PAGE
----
Please visit my new Blog on this very site, http://www.DrGeoffreySherIVF.com, find the “search bar” and type in the titles of any/all of the articles listed below, one by one. “Click” and you will immediately be taken to those you select. Please also take the time to post any questions or comments with the full expectation that I will (as always) respond promptly.

    • Controlled Ovarian Stimulation (COS) for IVF: Selecting the ideal protocol
    • IVF: Factors Affecting Egg/Embryo “competency” during Controlled Ovarian Stimulation(COS)
    • The Fundamental Requirements For Achieving Optimal IVF Success
    • Ovarian Stimulation for IVF using GnRH Antagonists: Comparing the Agonist/Antagonist Conversion Protocol.(A/ACP) With the “Conventional” Antagonist Approach
    • Anti Mullerian Hormone (AMH) Measurement to Assess Ovarian Reserve and Design the Optimal Protocol for Controlled Ovarian Stimulation (COS) in IVF.
    • The “Biological Clock” and how it should Influence the Selection and Design of Ovarian Stimulation Protocols for IVF.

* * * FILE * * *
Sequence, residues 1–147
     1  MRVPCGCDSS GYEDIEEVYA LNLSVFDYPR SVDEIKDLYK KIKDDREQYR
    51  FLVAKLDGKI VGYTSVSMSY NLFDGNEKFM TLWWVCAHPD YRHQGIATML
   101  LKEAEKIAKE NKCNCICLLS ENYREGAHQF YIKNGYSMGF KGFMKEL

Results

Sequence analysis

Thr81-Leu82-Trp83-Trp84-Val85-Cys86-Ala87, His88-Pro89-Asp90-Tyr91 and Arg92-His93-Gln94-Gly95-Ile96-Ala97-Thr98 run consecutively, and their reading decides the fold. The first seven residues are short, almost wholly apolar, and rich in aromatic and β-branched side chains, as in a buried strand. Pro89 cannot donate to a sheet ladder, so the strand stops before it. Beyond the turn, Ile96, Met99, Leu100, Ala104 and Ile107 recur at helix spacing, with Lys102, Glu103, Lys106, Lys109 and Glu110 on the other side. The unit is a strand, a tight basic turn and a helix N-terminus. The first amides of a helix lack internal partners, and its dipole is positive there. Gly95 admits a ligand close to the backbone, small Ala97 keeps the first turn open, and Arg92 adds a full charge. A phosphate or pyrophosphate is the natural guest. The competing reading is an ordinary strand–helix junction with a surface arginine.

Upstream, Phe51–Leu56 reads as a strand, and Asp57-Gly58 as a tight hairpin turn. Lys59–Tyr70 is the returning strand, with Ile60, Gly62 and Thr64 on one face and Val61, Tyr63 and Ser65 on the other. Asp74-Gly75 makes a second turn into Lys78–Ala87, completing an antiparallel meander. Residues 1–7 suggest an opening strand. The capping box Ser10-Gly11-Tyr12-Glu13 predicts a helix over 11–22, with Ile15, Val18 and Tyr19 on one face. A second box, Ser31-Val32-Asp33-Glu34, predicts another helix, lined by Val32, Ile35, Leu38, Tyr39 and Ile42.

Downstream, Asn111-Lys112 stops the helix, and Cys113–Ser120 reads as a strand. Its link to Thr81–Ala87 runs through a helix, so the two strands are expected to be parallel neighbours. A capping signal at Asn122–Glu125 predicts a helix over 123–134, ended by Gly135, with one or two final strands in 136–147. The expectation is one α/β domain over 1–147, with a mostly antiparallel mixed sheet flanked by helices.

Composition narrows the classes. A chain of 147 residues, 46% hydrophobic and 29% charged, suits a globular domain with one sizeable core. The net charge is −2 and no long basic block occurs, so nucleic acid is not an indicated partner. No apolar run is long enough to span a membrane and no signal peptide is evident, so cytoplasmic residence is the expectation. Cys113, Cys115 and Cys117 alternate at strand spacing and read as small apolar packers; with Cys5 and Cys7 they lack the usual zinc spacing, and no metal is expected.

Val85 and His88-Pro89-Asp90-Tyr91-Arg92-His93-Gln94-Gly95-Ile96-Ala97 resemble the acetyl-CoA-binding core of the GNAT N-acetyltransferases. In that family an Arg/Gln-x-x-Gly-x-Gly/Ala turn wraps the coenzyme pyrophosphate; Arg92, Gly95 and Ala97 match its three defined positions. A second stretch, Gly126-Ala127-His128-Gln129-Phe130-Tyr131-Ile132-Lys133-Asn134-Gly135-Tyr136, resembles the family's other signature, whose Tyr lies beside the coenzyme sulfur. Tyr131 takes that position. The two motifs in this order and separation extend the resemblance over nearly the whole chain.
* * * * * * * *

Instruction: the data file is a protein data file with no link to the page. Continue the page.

• A Rational Basis for selecting Controlled Ovarian Stimulation (COS) protocols in women with Diminished Ovarian Reserve (DOR)
    • Diagnosing and Treating Infertility due to Diminished Ovarian Reserve (DOR)
    • Controlled Ovarian Stimulation (COS) in Older women and Women who have Diminished Ovarian Reserve (DOR): A Rational Basis for Selecting a Stimulation Protocol
    • Human Growth Hormone Administration in IVF: Does it Enhances Egg/Embryo Quality and Outcome?
    • The BCP: Does Launching a Cycle of Controlled Ovarian Stimulation (COS). Coming off the BCP Compromise Response?
    • Blastocyst Embryo Transfers should be the Standard of Care in IVF
    • Frozen Embryo Transfer (FET) versus “Fresh” ET: How to Make the Decision
    • Frozen Embryo Transfer (FET): A Rational Approach to Hormonal Preparation and How new Methodology is Impacting IVF.
    • Staggered IVF: An Excellent Option When. Advancing Age and Diminished Ovarian Reserve (DOR) Reduces IVF Success Rate